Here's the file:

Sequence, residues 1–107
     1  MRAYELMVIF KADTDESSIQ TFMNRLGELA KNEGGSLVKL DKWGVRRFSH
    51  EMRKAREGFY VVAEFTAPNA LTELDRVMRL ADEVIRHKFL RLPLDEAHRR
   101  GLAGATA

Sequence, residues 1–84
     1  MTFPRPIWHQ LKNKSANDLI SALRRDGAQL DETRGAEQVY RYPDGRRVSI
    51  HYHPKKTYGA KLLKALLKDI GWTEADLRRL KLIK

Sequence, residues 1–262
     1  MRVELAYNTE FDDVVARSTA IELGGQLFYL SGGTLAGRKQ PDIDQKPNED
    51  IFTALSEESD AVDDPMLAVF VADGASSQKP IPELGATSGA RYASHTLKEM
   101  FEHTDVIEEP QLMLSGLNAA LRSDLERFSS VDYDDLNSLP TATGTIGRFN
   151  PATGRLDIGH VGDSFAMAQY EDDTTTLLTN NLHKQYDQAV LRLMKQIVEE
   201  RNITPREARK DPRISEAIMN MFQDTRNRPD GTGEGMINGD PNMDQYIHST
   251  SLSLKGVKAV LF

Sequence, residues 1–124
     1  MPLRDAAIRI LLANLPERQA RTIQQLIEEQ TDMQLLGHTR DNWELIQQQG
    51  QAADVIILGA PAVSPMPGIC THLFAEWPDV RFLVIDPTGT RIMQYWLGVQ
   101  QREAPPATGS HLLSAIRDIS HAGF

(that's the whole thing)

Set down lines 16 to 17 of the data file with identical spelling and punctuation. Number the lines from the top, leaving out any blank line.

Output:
     1  MPLRDAAIRI LLANLPERQA RTIQQLIEEQ TDMQLLGHTR DNWELIQQQG
    51  QAADVIILGA PAVSPMPGIC THLFAEWPDV RFLVIDPTGT RIMQYWLGVQ